The effect of cigarette excise taxes on smoking before, during and after pregnancy

J Health Econ. 2003 Nov;22(6):1053-72. doi: 10.1016/j.jhealeco.2003.06.003.


Recent analyses suggest that cigarette excise taxes lower prenatal smoking. It is unclear, however, whether the association between taxes and prenatal smoking represents a decline among women of reproductive age or a particular response by pregnant women. We address this question directly with an analysis of quit and relapse behavior during and after pregnancy. We find that the price elasticity of prenatal quitting and postpartum relapse is close to one in absolute value. We conclude that direct financial incentives to stop smoking during and after pregnancy should be considered.

Publication types

  • Research Support, Non-U.S. Gov't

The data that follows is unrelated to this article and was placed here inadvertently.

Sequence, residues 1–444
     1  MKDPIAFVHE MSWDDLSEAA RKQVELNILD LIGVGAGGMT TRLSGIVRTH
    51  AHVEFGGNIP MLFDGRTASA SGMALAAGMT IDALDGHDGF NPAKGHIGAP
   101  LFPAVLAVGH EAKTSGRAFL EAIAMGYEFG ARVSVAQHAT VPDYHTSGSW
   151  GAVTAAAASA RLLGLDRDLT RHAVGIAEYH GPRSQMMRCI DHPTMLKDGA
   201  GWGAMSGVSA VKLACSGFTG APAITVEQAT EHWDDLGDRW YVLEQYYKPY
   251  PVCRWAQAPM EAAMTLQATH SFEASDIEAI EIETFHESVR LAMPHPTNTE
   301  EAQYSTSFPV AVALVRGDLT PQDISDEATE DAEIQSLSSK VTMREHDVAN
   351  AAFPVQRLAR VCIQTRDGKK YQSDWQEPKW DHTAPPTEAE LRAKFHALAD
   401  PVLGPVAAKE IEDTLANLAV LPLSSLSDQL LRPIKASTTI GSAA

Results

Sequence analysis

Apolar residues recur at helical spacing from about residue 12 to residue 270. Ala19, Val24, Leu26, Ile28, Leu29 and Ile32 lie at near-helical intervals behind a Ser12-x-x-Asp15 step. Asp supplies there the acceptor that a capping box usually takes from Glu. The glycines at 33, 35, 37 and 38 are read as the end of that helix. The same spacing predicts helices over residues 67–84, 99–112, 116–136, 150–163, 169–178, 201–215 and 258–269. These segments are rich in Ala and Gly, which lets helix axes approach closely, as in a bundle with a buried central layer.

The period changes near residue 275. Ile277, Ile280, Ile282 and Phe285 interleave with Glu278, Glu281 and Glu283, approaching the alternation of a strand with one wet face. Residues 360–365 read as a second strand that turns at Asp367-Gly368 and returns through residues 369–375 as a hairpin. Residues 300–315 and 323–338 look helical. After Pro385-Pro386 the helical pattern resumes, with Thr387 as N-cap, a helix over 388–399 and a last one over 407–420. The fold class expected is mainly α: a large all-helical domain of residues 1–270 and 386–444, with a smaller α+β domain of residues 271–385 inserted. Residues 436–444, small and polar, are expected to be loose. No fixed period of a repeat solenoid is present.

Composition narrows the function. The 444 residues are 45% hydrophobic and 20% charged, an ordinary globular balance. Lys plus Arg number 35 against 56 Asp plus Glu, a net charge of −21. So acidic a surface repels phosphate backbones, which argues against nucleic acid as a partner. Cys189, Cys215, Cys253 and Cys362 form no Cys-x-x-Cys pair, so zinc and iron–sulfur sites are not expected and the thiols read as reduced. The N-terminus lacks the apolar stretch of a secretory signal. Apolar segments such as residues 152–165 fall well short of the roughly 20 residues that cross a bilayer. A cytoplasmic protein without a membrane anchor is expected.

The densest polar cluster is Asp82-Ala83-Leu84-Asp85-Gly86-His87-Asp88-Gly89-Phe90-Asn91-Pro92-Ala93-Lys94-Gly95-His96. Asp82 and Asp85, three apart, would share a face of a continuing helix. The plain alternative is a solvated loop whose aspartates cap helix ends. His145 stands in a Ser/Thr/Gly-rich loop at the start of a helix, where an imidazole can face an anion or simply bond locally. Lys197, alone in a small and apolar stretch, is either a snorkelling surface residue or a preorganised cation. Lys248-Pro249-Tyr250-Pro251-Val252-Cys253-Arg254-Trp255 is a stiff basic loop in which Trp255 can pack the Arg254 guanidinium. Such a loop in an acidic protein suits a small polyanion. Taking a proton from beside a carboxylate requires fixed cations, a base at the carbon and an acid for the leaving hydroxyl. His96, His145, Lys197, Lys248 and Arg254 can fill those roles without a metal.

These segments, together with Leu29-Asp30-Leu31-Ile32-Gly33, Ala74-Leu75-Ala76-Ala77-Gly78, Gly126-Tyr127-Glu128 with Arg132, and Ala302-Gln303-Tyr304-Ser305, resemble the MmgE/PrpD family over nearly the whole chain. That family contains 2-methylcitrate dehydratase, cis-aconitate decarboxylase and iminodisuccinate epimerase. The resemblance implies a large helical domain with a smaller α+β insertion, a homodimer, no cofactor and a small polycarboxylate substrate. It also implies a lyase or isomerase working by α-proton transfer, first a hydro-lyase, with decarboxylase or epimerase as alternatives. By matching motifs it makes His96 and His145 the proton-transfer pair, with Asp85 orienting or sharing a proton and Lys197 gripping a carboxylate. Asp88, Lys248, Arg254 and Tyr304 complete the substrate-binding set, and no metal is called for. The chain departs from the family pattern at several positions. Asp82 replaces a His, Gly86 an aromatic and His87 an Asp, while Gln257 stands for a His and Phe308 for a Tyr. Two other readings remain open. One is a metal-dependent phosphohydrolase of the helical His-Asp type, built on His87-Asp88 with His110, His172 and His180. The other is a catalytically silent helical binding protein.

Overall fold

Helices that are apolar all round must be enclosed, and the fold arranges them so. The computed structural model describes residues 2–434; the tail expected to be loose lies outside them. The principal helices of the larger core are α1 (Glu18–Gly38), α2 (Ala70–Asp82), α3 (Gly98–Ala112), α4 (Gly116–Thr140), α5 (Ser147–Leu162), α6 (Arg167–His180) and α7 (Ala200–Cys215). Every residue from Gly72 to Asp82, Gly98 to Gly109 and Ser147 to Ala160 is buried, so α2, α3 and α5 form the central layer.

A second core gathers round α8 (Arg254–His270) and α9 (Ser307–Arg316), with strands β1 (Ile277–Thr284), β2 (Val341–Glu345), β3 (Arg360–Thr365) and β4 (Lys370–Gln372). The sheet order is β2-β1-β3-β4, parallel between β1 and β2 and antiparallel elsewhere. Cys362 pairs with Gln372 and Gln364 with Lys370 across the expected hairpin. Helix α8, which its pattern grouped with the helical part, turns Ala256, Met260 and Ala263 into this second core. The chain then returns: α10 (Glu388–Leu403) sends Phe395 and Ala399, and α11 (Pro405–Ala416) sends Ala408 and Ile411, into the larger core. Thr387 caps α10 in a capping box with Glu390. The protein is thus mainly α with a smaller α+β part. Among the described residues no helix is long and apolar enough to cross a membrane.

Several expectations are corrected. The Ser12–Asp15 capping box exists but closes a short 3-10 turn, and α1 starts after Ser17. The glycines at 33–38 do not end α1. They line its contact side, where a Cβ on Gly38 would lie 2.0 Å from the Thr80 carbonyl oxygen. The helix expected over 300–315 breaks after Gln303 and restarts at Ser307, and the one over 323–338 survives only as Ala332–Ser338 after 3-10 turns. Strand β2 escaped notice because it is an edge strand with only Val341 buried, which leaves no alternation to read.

• Research Support, U.S. Gov't, P.H.S.

MeSH terms

  • Female
  • Health Behavior*
  • Humans
  • Models, Econometric
  • Motivation
  • Pregnancy
  • Pregnancy Outcome
  • Pregnant Women / psychology*
  • Probability
  • Risk Assessment
  • Smoking / economics*
  • Smoking / epidemiology*
  • Smoking Cessation / economics*
  • Smoking Cessation / psychology
  • Smoking Cessation / statistics & numerical data
  • Smoking Prevention
  • Socioeconomic Factors
  • Taxes*
  • United States / epidemiology